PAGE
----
Pietro De Marco responds to Aref Ali Nayed's criticism of the baptism of Magdi Cristiano Allam, and to some Catholics who, in their haste to recoil from any hint of triumphalism, show a kind of embarrassment instead of joy at the entry of another soul into the Christian fold.
In effect, conversion is always the crossing of a threshold. It marks this threshold, it shows it where it had not appeared before, making it visible to those who out of habit or through cloudiness of vision no longer recognized it, or to those who, although knowing it, deny it out of ideology, nihilistically....
The fact that the arrival point is not guaranteed, that it must always be desired as if it were not possessed, as a gift that remains under the sovereignty of the Giver, all of this does not negate, but rather confirms the reality of the threshold. The precariousness of the gift, in fact, is such only for man. But with the crossing of the threshold, we know that He, the divine Lover (as the true mystics know him, beyond his ineffability) "takes us as it were by the hand, and introduces us to lasting life, to the true and correct life." And therefore: "Let us hold on tightly to his hand!". These are the tender, perfect words dedicated to baptism by Benedict XVI at the homily for the Easter vigil, at which Allam was baptized.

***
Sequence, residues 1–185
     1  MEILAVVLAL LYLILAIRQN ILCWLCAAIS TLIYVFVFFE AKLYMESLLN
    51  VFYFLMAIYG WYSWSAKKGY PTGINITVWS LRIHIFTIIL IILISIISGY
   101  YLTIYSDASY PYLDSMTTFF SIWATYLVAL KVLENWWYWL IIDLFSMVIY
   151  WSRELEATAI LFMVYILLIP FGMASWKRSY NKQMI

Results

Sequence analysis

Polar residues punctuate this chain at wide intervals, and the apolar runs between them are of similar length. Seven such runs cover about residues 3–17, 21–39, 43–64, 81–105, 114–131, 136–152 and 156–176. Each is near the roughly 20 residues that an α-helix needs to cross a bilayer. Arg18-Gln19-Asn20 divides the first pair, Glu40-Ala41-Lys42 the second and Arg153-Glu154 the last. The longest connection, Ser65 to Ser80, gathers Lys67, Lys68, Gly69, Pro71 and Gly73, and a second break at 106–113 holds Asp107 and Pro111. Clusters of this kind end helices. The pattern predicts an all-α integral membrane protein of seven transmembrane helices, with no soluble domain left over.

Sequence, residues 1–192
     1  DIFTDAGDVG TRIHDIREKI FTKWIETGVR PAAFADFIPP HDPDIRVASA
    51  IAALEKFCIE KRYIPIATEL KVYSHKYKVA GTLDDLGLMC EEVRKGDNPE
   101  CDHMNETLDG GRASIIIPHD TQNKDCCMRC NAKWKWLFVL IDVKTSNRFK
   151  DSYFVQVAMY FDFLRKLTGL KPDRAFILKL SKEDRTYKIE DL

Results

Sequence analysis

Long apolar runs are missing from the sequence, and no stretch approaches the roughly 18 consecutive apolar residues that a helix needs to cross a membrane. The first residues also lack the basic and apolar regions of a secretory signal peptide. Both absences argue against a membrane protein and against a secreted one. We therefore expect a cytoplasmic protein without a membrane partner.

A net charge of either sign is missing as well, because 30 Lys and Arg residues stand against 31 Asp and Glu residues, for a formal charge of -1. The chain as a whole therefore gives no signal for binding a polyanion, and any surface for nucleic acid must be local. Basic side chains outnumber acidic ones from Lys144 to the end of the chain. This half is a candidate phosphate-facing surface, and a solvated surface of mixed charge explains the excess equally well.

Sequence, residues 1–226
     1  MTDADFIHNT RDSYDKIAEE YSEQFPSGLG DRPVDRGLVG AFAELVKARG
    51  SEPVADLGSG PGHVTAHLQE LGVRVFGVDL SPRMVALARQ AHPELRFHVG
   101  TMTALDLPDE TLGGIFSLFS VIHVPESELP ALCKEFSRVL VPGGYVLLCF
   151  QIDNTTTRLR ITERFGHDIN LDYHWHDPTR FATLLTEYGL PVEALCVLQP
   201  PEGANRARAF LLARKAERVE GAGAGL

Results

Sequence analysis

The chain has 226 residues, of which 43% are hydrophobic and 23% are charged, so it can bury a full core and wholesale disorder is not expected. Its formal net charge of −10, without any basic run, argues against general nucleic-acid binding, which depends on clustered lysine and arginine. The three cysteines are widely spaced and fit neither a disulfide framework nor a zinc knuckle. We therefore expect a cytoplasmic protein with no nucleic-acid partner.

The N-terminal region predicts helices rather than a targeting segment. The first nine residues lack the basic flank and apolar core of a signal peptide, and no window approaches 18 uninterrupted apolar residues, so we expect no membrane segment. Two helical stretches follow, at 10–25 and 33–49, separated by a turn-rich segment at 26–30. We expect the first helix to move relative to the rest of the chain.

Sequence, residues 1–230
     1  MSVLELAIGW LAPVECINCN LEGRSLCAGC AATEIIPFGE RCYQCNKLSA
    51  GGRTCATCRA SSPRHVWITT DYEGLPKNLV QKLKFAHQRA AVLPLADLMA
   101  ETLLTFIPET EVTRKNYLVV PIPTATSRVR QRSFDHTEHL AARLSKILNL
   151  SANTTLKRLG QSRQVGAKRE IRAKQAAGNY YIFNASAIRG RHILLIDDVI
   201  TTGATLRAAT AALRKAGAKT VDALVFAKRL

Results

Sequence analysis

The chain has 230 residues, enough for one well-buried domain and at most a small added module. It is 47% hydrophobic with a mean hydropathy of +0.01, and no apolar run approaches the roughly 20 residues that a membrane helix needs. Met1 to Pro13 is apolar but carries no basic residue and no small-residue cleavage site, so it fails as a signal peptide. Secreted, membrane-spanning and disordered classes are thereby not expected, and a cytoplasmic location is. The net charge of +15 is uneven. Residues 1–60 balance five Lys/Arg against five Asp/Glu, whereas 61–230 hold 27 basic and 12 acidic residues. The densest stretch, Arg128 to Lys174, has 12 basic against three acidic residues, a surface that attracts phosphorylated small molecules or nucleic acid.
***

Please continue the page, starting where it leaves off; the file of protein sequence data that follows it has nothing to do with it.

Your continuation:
Chiesa is proving invaluable to me as a source of sober commentary on the West's relations with Islam in its diverse forms, neither marching to the drumbeat of American neoconservatism nor embracing a woolly-minded Eurorelativism.